Motorcycle Diaries

              The Motorcycle Diaries follows two young men across much of their homeland of Argentina and parts of Latin America. The beauty of the story lies in the two mens attitude toward their adventure and their background, that has led them to where they are now. Guevara experiences many personal transformations throughout his long journey across Argentina, that left him as a renowned hero even to this day. Che Guevara became internationally known for his efforts in the revolution and his marxist ideas. One obvious characteristic of Guevara was his outgoing attitude towards life and his unsettled nature (Eduardo 20). Along their travels, Guevara and his friend Alberto, encounter the indigenous people of the country and see their impoverished conditions. They run into countless people that Guevara diagnoses with several medical disorders throughout these impoverished part of the countryside. This shows a clear insight into what the 23 year old Guevara saw while traversing the Latin American landscape.
              Che was undoubtedly influenced by his family and the environment he grew up in. He had a broad knowledge of the classes of people in his country and an overall complete worldview at an early age. This eagerness to learn was just magnified and became more obvious once Che and Alberto began there adventure. Filled with humorous scenes, the underlying tone of the film were much more serious. Guevara’s early life added to his world view and no doubt gave him the inspiration to take this adventure and find out as much about his homeland as possible. As a child Guevara’s parents housed ex-combatants from the Spanish Civil War who shared there stories of struggle (Eduardo). Hearing these stories of heroism and bravery may have given Che the attitude and outlook towards life that he needed to achieve his later goals and aspirations.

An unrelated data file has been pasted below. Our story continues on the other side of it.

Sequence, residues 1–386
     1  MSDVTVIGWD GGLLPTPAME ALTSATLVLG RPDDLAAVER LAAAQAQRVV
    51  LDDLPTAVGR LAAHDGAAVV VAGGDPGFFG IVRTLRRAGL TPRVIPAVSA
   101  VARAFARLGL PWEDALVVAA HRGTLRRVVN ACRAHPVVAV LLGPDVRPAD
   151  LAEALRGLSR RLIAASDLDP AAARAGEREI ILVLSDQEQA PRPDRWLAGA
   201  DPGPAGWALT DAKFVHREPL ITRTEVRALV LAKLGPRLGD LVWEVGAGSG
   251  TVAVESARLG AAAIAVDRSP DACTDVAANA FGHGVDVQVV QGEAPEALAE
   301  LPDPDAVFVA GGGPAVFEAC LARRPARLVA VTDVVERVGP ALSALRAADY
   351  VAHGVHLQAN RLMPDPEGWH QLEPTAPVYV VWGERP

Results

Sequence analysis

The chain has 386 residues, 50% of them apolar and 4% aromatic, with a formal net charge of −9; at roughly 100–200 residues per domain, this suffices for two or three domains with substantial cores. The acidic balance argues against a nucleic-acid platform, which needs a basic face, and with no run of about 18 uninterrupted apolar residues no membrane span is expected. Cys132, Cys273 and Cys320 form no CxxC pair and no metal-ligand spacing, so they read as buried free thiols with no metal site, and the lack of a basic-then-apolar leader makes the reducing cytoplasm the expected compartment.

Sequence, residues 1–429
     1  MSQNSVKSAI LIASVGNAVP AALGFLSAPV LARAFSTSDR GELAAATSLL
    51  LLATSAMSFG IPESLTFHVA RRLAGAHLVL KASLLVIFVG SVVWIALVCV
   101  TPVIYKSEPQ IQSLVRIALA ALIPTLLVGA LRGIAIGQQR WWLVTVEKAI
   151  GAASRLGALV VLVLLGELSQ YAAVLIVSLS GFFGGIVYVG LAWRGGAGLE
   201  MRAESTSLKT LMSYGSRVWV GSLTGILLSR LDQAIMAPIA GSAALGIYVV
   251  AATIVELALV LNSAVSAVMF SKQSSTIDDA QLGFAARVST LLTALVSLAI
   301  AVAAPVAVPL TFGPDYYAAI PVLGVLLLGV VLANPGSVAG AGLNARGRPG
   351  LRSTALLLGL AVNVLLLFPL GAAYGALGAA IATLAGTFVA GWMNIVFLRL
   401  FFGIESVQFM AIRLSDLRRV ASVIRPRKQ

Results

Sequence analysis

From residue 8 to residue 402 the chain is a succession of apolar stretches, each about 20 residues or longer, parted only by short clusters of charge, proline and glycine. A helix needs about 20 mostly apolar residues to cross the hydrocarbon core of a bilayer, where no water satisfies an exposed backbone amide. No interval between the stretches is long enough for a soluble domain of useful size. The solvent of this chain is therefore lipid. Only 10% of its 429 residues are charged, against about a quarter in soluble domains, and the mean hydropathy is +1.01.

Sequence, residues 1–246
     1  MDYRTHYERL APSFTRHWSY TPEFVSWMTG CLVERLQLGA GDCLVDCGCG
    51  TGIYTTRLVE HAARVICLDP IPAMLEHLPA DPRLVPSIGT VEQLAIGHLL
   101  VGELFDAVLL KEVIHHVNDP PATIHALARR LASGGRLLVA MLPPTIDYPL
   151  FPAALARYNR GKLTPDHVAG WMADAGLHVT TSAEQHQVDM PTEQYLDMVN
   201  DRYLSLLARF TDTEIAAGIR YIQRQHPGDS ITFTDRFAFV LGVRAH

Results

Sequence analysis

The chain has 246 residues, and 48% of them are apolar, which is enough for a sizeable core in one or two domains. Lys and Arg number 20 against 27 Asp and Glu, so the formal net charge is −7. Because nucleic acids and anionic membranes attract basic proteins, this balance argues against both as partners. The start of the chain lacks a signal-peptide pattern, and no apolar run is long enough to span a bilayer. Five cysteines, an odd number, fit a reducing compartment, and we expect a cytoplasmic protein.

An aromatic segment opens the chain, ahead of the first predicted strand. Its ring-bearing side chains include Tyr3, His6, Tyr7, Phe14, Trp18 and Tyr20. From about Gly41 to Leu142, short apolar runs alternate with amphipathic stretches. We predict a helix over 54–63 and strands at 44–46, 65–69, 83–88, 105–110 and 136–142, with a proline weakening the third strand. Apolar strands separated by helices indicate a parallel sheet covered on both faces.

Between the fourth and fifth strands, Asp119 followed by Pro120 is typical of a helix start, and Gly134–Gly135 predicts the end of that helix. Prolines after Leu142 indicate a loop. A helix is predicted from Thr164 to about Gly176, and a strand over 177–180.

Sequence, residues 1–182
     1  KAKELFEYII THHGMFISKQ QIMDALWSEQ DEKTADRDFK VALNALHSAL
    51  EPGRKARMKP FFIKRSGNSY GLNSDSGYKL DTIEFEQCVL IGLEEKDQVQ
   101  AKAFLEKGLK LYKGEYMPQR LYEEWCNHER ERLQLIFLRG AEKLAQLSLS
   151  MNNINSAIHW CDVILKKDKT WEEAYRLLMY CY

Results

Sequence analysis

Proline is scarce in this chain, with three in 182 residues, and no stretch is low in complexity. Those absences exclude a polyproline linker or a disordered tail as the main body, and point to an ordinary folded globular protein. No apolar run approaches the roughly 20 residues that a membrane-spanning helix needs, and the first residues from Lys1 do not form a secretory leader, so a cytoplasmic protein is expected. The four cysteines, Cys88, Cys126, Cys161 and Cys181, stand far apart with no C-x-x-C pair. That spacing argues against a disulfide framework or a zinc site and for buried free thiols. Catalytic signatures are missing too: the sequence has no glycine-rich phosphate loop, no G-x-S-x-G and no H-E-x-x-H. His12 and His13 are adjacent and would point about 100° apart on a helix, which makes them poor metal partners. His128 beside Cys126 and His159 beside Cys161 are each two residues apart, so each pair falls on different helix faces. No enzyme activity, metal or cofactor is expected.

Ernesto is openly saddened by the mistreatment of the impoverished people he meets along his journey. He feels a need to be very honest with the people he encounters if they have some obvious medical problem. These range from a tumor on a mans neck to the atrocious conditions that the men at the copper mine are subjected to. The real change in Ernesto’s attitude came when he arrives at the ruins of Machu Picchu in Peru. He is astonished at these incredible ruins high in the mountains of Peru, and wonders how such a civilization was replaced by the current urban decay of Lima. The most important scene comes near the end of the movie when Ernesto enters a leper colony and sees first hand the literal division of society. The lepers were kept on one side of the river while the staff lived on the other. This surely angered Ernesto to no end and had something to do with his willingness to interact with these lepers without the use of gloves. This shows his true kind nature and reaffirms that Ernesto just wanted to help people in the end.